He accused Israel of using such campaigns to buy time and divert global attention from its ongoing violations of international law. “The Israeli government is working day and night to Judaize Bayt al Maqdis and areas of the West Bank; they continue confiscating Palestinian land; establishing settlements. The Israelis have no intention of any kind of a peaceful settlement to the Palestinian issue, the 2 state solution is null and void after almost 18 years of negotiations with the PA and PLO; they don’t have any real solution for the Palestinian issue..I think it is just prolonging time.”
A committee of Iraqi Jews has hit back at the Israeli plan demanding an investigation into alleged Mossad links to bombings of synagogues in Baghdad, and secret negotiations Israeli leaders may have entered into with Iraqi leaders to hasten the exodus of its Jewish population. In a letter, they have also threatened to file a suit in an international court demanding half of the sum total of compensation for their refugee status from the Israeli government and half from the Iraqi government.
Dr. Saleh agrees that such questionable campaigns convey Israeli desperation vis a vis the Arab Spring and the changing balance of power in the Middle East. “Activists have become much more expert in conveying the Palestinian plight to the mainstream and delegitimising the Israeli state and also espousing the ugly face of the Israeli government in the area and in the region.” However as Israel’s freshest “new victimhood campaign” itself attests, the wounded tiger is still on the prowl.
The lies about the 1967 war are still more powerful than the truth by Alan HarT
Alan Hart views the Zionist-manufactured myth that the 1967 war was a defensive war – rather than a war of aggression – launched by Israel because it faced a threat of extermination by its Arab neighbours, and laments the lazy – or Zionist-motivated – journalism which continues to perpetuate this myth in the Western media.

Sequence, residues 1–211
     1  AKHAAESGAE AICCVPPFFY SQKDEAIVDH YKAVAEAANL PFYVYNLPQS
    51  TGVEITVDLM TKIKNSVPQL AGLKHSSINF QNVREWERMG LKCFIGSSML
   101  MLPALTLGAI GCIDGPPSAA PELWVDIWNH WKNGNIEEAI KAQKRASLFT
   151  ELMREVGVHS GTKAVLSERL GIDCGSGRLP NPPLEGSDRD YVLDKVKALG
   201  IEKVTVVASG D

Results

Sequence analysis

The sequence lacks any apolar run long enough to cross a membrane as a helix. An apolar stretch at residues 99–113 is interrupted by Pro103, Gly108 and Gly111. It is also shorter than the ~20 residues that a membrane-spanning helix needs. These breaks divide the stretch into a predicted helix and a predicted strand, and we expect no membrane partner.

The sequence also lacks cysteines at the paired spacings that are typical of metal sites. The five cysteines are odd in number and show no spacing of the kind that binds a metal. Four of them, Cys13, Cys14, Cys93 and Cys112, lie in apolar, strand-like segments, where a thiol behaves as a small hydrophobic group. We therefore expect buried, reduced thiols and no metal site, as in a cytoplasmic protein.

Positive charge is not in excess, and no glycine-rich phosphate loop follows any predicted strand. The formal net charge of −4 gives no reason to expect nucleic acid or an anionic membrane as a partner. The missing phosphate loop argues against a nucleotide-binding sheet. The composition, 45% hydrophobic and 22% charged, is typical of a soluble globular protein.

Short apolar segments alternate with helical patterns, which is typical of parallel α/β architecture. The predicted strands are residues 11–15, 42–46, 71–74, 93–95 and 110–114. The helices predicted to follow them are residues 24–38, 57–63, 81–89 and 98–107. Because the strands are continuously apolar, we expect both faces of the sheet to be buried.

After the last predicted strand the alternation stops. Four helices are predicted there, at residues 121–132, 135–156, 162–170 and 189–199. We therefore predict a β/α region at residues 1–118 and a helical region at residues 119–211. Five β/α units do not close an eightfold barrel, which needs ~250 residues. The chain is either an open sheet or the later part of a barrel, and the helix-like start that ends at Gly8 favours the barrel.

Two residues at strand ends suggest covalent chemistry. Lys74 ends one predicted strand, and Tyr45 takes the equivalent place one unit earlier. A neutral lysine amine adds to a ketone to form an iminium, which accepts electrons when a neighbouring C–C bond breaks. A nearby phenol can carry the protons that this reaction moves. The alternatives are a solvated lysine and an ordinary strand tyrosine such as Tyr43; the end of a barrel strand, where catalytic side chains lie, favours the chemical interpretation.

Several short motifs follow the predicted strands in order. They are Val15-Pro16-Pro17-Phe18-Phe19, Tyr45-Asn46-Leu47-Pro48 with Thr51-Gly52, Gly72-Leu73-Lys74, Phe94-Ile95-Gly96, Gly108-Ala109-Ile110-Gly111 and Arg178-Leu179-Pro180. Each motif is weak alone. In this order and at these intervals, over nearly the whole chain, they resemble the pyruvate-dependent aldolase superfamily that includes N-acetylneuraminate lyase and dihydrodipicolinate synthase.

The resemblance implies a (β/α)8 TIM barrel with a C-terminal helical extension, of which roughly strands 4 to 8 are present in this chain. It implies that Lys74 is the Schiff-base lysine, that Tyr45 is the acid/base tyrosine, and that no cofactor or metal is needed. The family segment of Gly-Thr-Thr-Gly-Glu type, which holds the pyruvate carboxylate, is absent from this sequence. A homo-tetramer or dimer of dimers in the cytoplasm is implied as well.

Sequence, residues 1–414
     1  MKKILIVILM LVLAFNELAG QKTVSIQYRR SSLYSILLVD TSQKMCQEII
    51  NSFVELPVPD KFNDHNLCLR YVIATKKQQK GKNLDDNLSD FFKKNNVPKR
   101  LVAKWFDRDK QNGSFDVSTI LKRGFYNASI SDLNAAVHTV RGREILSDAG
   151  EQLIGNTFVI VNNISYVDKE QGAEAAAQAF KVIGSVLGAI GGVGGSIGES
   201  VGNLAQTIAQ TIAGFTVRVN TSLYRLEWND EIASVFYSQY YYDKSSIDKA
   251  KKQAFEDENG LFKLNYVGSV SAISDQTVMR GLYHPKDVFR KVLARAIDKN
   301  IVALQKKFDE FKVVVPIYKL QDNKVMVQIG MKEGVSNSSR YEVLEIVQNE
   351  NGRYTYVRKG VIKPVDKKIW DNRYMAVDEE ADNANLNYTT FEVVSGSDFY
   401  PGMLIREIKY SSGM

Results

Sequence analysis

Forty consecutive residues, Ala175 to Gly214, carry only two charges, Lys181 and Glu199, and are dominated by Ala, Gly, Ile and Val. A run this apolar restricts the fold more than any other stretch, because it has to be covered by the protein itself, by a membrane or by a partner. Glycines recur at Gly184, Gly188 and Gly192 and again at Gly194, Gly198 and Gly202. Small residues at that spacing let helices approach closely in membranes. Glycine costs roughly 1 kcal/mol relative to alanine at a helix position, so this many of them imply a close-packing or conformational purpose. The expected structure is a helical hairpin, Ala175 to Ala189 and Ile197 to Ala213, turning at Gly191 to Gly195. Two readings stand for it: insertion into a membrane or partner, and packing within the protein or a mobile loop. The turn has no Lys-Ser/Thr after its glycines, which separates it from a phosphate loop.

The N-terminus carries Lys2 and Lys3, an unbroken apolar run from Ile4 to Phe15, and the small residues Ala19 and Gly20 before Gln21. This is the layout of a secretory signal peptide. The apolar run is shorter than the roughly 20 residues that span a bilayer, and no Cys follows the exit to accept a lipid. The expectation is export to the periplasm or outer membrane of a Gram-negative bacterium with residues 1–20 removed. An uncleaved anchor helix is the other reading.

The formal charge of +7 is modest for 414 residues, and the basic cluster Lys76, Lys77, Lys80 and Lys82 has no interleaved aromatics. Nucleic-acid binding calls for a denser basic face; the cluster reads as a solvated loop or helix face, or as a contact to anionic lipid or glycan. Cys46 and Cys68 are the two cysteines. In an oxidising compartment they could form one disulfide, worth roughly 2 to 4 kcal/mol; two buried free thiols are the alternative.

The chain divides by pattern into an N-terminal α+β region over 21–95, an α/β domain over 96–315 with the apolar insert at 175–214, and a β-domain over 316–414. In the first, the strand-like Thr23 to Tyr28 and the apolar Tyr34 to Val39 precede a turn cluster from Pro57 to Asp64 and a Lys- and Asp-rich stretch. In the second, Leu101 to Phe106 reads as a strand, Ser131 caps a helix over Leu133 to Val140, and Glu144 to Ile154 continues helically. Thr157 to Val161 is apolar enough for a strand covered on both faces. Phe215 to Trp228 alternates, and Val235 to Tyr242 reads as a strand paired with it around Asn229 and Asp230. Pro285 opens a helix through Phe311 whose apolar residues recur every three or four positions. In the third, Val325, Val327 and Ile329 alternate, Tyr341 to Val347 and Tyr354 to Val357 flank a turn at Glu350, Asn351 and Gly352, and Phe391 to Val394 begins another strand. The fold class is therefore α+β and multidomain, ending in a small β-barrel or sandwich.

In retrospect it can be seen that the 1967 war – the Six Days War – was the turning point in the relationship between the Zionist state of Israel and the Jews of the world (the majority of Jews who prefer to live not in Israel but as citizens of many other nations).
Until the 1967 war, and with the exception of a minority of Jews were politically active, most non-Israeli Jews did not have – how can I put it? – a great empathy with Zionism’s child. Israel was there and, in the sub-consciousness, a refuge of last resort; but the Jewish nationalism it represented had not generated the overtly enthusiastic support of the Jews of the world. The Jews of Israel were in their chosen place and the Jews of the world were in their chosen places. There was not, so to speak, a great feeling of togetherness. At a point David Ben-Gurion, Israel’s founding father and first prime minister, was so disillusioned by the indifference of world Jewry that he went public with his criticism – not enough Jews were coming to live in Israel.
So how and why did the 1967 war transform the relationship between the Jews of the world and Israel?
Part of the answer is in a single word – pride. From the Jewish perspective there was indeed much to be proud about. Little Israel with its small but highly professional defence force and its mainly citizen army had smashed the war machines of the frontline Arab states in six days. The Jewish David had slain the Arab Goliath. Israeli forces were in occupation of the whole of the Sinai and the Gaza Strip (Egyptian territory), the West Bank, including Arab East Jerusalem (Jordanian territory), and the Golan Heights (Syrian territory). And it was not much of a secret that the Israelis could have gone on to capture Cairo, Amman and Damascus. There was nothing to stop them except the impossibility of maintaining the occupation of three Arab capitals.
“…neither … Egypt nor any of the frontline Arab states had any intention of attacking Israel. And Israel’s leaders, and the Johnson administration, knew that.”
”Big, fat propaganda lie”